Eagle agrees to pay $43,000 for water plant loan application preparation
EAGLE — Eagle is facing construction of a multimillion-dollar water treatment plant in the relatively near future and has approved a $43,000 payment to a local engineering firm to prepare the loan application required by the state for construction funds.
In late May, the Eagle Town Board agreed to contract with SGM, the firm that is providing a variety of engineering services related to the planned Lower Basin Water Treatment Plant, to complete a funding application to the Colorado State Revolving Fund.
The plant would be Eagle’s second treatment facility, planned upstream from the town’s existing wastewater treatment plant, at an estimated cost of $18.5 million. Phase 1 of the facility calls for a 2.4 million gallons-per-day capacity, a figure approximately equal to the treatment capacity of the town’s existing plant located southeast of town along Brush Creek Road. Eagle currently has roughly 2,500 water customers and there are 430 additional households the town has committed to serve but who have not yet tapped into the system. At current peak demand, with the additional units figured in, Eagle’s water production would be at 85 percent to 90 percent of current capacity. SGM consultants have warned the town that prudent planning calls for looking at a new plant at 75 percent of capacity.
While Eagle officials have conceded the need to start planning for a new water treatment plant, they are still debating how to pay for it. For a number of years, Eagle has instituted a 5 percent annual increase in monthly water rates and because of this practice, the town has built up a respectable fund balance in its water fund. But the amount the town has socked away isn’t enough to pay for the plant construction and maintain the fund balance it needs to safeguard against unanticipated expenses and provide maintenance for its existing system.
The town can pay approximately $5 million toward the plant cost and must finance the rest of the construction. Eagle is looking at a loan from the SRF to pay for the plant construction. But an SRF has a specified loan process that John Schneiger, the Eagle town manager who has since been placed on indefinite administration leave, recommended parcelling out to SGM.
“SGM has concluded it will take more time to prepare the SRF loan application than earlier anticipated,” Schneiger noted in a Mary 23 memo to the town board. He also noted that SGM recommended submitting the town application in January 2018 rather than in June of 2017. Schneiger said the loan application delay should not adversely affect the town’s plant construction plans.
When confronted with a $43,000 fee to submit a loan application, members of the town board questioned whether the work could be done in house and if the $18.5 million construction cost estimate was accurate.
Town board member Scott Turnipseed noted he had spoken with former Eagle Town Manager Willy Powell, who successfully applied for the town’s last SRF loan when the community’s new wastewater plant was built approximately 10 years ago. He asked if the process had changed so radically that the town could not complete its own loan application.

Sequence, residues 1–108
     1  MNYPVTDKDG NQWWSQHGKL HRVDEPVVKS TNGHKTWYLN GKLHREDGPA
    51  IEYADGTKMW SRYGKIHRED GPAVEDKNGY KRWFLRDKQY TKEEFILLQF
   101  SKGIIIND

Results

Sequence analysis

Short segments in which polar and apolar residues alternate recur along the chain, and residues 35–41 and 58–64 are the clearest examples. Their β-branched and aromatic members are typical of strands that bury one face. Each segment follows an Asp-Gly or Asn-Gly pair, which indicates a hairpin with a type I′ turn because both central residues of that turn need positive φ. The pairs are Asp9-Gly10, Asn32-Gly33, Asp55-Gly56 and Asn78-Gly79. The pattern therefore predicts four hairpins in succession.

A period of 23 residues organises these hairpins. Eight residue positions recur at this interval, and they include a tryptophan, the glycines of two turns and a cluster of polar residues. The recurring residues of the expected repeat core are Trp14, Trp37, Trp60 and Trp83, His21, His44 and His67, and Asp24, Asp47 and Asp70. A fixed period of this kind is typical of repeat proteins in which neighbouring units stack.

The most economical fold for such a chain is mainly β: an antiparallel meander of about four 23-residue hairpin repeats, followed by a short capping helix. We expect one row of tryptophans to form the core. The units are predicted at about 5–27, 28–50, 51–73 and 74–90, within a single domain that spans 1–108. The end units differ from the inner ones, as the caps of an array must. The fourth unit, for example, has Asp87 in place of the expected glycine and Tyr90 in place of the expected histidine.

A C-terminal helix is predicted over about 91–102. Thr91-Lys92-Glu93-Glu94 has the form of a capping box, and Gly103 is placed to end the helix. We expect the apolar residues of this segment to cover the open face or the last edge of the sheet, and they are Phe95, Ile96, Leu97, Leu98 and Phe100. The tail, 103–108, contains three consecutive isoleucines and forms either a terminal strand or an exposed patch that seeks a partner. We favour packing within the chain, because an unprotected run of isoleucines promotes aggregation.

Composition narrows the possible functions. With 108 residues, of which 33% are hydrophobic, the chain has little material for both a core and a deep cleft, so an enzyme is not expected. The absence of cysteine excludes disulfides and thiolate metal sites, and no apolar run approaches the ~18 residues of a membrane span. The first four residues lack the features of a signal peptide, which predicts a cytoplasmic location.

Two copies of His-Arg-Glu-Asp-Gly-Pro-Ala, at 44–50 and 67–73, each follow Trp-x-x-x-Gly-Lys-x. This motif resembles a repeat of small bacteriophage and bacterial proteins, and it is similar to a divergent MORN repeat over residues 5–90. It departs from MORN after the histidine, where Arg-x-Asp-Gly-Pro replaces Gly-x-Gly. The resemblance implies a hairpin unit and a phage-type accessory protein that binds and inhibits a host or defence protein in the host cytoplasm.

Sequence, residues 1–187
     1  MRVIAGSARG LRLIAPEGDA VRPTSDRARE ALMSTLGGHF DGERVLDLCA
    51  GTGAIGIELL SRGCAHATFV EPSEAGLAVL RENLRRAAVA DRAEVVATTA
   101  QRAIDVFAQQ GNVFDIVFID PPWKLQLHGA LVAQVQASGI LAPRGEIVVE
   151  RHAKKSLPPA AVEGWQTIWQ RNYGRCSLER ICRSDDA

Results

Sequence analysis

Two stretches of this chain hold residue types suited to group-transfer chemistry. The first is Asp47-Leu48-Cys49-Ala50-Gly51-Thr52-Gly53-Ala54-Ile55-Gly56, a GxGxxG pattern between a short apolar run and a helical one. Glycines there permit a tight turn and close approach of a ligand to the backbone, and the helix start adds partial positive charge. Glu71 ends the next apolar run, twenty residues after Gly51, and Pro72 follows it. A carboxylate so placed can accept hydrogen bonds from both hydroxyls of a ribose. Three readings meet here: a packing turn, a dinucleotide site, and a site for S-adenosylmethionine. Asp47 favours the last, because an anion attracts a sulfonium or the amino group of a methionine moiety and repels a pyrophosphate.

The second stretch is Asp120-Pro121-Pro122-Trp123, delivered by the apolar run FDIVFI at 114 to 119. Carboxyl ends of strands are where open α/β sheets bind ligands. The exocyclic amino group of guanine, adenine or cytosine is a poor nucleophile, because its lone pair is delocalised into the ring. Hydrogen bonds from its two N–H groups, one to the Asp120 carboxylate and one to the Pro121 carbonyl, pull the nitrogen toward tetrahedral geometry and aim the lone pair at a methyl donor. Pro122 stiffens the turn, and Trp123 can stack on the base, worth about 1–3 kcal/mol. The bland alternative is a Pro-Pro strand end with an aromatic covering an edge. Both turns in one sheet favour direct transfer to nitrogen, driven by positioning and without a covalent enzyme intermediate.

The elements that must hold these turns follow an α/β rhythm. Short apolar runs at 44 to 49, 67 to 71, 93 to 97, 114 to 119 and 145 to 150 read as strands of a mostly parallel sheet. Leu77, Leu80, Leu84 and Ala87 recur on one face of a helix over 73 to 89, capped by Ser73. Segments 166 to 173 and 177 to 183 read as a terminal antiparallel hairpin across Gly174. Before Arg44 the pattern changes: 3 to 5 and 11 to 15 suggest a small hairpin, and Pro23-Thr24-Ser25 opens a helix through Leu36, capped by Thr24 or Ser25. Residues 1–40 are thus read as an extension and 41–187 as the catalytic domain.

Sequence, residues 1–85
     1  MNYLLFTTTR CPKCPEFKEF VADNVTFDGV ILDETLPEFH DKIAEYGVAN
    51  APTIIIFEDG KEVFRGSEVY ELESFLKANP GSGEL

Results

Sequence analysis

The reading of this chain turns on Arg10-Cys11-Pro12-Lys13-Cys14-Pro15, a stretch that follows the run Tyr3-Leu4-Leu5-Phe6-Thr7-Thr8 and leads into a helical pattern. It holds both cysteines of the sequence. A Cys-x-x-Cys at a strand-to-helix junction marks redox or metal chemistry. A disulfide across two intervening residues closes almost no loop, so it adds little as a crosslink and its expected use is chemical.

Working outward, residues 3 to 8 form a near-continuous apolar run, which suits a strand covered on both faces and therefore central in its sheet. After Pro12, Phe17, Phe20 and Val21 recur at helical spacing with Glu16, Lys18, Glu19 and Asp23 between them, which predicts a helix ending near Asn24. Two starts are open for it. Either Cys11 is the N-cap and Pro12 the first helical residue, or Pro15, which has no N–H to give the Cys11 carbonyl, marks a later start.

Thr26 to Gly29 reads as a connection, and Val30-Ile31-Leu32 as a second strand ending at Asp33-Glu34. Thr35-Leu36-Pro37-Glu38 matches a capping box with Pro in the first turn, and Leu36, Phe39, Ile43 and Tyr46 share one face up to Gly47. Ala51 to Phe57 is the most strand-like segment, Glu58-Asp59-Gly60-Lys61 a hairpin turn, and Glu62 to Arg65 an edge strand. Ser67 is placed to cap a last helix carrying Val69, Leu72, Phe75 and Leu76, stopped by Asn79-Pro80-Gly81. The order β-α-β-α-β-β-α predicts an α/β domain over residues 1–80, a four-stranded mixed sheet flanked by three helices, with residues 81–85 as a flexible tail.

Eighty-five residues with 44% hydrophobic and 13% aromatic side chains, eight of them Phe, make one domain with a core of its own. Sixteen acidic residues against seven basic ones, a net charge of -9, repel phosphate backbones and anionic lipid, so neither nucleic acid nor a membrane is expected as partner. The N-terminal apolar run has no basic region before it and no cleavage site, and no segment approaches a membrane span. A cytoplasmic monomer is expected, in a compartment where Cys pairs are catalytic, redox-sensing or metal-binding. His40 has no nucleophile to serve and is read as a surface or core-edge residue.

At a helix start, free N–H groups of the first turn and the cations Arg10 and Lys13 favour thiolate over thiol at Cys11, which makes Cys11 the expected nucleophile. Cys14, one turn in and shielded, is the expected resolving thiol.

Warren Swanson of SGM responded that the process was updated approximately three years ago and it is more complicated.
Turnipseed also questioned the accuracy of the plant construction cost estimate. He noted many other decisions are tied to that number — such as the amount of the loan request and proposed water rate and tap fee increases.
Swanson agreed it was a legitimate concern. Swanson noted that two Colorado communities got an unpleasant surprise at recent bid openings. In Silverthorne, he noted the low bid on a wastewater treatment plant project was 28 percent higher than estimates. In Durango, Swanson said an infrastructure project estimated at $52 million generated a low bid of $64 million.
“At this point, one of the things I am feeling is you can prepare estimates until you are blue in the face,” said Swanson. “If you really want to know what this project will cost, get yourself a bid.”
Paying the bill
In anticipation of the plant construction costs, the town has completed a water rate and tap fee study and the numbers are daunting.
To pay off an anticipated $14 million debt, the recommended plant surcharge fee is $25 per month beginning in 2018. Customers would pay the surcharge on top of their regular, monthly water service rates. Additionally, the town would continue to increase water service fees annually.
Along with the proposed $25 per month plant surcharge, Eagle is considering increasing its tap fees for new development. Currently a water tap fee costs $7,000 in Eagle.
There are a couple of tap fee increase alternatives under consideration. The first is to institute a 13 percent annual increase. The second is to increase tap fees by a flat $1,000 annually. Both scenarios would bring tap fee revenues to between $17,000 and $18,000 by 2027.
Town officials know they face a communications challenge to present the plant financing to Eagle residents. As the SRF application is prepared and the project proposal becomes more defined, the town plans a series of information sessions and outreach efforts to inform residents about the plan.
Greg Sparhawk, along with partner Jim Comerford, have proposed a large development of fairly small homes for the north side of Minturn, near the town’s railroad yards. The partners are under contract with Union Pacific Railroad for the property, which is across Minturn Road — also known as County Road.